I was afraid of the dark when I was a little boy. It got so bad that even into middle school, the dim glow of a nightlight wasn’t enough to make me feel secure enough to fall asleep. The only thing that would do the trick was Teddy, my old Teddy bear I had since I was a baby.
Teddy was my “binky” or security blanket. By day he stared at me from my rocking chair and by night, he slept with me in my bed. He was the only thing (besides jumping into my parent’s bed) that gave me a good night’s sleep in my room.
He was soft. He was worn-in with patches from “surgery” to repair a bad encounter with our dog. And I never let anyone wash him – ever. Anytime mom, or grandma or anyone said “It’s time to wash Teddy” I would grab him and refuse to let that happen. I’d come up with some excuse, like, “Bears don’t like to take baths”. But it’s really because the smell of Teddy was so good, and I was afraid he would end up smelling like Johnson’s Baby Shampoo or Borax or other soap flakes and would no longer be “my” Teddy.
As a child, it was probably one of my deepest secrets. I thought that if any of my friends found out about my Teddy dependence, I would not be able to show my face at school again. I feel badly now that I believed I had to unceremoniously stuff Teddy into the back of my closet every time my friends would come over to hang out. I was afraid of ridicule for both my phobia and my Teddy. But come nightfall, Teddy would be out again, comforting and protecting me from whatever went bump in the night (even if it was only in my head) and quietly listening as I spoke to him, keeping all my deepest and darkest secrets between us.
I asked some friends share their Teddy bear and security blanket stories. It seems that everyone has a story. Everyone had a blanket or bear. And more than a few of us were afraid of something as a kid and never shared it until now.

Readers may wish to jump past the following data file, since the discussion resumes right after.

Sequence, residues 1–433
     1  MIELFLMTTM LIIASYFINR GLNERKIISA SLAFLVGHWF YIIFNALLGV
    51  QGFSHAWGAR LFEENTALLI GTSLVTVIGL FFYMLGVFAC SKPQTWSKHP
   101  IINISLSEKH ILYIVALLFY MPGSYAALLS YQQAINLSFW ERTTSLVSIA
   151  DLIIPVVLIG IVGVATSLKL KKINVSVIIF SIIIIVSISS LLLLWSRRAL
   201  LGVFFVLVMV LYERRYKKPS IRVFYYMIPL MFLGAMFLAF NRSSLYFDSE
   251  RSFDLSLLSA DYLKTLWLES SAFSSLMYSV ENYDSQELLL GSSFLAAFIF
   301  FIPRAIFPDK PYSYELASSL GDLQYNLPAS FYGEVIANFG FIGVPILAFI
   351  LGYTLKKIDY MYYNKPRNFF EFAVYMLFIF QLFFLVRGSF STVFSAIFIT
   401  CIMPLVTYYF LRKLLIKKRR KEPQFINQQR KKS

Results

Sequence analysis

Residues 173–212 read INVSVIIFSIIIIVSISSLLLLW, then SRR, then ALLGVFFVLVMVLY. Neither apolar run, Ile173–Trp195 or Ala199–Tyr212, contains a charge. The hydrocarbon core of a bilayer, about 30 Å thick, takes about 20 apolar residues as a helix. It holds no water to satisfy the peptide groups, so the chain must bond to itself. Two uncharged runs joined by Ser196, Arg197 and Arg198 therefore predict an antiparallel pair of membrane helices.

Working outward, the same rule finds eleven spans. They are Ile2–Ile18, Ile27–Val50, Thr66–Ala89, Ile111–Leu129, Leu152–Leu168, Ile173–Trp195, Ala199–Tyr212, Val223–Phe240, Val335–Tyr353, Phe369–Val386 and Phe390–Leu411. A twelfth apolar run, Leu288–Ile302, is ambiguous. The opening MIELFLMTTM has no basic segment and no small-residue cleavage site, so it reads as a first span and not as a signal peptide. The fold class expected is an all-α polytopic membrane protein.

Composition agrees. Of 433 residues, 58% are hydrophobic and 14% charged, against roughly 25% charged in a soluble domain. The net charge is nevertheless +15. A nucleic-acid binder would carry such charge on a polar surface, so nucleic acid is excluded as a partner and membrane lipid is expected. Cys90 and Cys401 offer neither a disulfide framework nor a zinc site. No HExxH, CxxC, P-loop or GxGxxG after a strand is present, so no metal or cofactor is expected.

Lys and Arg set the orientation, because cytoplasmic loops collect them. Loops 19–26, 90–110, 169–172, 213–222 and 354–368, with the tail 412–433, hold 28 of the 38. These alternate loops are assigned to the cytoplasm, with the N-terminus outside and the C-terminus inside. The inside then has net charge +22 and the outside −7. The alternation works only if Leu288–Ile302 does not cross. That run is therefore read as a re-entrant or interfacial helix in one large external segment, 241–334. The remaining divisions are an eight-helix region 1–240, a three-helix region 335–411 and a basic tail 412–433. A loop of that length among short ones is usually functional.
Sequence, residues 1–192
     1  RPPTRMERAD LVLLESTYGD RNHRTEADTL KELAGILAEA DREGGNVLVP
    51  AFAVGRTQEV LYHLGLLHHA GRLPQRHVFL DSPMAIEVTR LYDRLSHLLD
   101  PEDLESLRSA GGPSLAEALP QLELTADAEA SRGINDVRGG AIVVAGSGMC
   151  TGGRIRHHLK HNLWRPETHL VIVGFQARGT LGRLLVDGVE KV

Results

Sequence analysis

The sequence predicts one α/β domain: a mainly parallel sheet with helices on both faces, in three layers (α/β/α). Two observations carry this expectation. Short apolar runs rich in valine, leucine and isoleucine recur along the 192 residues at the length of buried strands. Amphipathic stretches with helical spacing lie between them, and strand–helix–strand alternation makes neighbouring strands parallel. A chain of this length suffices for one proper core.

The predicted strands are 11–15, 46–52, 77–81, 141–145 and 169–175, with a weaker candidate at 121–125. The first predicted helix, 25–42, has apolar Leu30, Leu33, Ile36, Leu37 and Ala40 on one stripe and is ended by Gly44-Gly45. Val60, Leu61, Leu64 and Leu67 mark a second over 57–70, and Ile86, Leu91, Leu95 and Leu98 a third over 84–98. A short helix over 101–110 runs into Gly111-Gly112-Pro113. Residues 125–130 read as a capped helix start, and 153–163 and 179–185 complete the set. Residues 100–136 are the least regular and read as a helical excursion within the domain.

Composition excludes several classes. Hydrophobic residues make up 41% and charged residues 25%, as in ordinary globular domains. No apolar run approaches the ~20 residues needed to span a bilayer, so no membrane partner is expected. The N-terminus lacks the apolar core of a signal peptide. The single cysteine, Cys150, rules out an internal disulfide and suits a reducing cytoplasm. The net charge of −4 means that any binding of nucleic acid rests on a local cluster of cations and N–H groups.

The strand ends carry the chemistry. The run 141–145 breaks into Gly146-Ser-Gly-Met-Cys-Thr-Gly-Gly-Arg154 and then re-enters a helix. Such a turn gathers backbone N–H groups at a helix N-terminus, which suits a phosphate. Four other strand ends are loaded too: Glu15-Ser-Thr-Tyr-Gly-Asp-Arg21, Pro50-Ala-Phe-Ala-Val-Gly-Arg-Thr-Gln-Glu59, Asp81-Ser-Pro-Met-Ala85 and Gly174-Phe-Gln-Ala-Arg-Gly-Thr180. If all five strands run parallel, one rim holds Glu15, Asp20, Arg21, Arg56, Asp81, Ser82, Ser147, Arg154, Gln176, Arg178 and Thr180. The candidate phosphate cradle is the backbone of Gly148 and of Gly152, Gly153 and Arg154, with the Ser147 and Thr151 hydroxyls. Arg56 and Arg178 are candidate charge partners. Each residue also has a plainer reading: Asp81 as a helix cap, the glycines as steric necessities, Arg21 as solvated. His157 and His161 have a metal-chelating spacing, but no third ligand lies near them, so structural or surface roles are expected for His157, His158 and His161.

One friend had a giant bear from as long as he can remember. It was about 3 to 4 feet tall and just sat in the corner. Another had a collection of bears, including Teddy, and Paddington, but she mostly favored the tiny little Beanie Babies which I had little or no connection to. To me, a Teddy bear had to be big enough to cuddle but not too big to drag around.
I found that when asking around, there were some who had a bear, others who had a blanket and some who had both (or collections of both). Michael had an Afghan blanket that his grandmother knitted for him as a baby. He curled up with as he sucked his thumb growing up. Once when the housekeeper at his childhood home washed it, it shrunk and became coarse, and the smell was gone. It devastated him and he never touched the blanket again. And Glenn H, a friend of his, still has his baby blanket, (named “Part” for the satin part at either end of the tiny blanket where he rubbed his fingers along the soft, smooth material) tucked neatly between his comforter and flat sheet of his very fancy bed in Los Angeles.
I don’t know what happened to Teddy but I have to say that I miss him from time to time. I think that if I had Teddy today, I would apologize for putting him away in shame as my friends came over. I would proudly have him sitting comfortably on the rocking chair in my bedroom again, or even give him a prominent and permanent place on the bed. I’m more comfortable as an adult now and there’d be no closet for Teddy (and none for me, either) anymore. I miss you, Teddy. And I just want to thank you for being a great friend.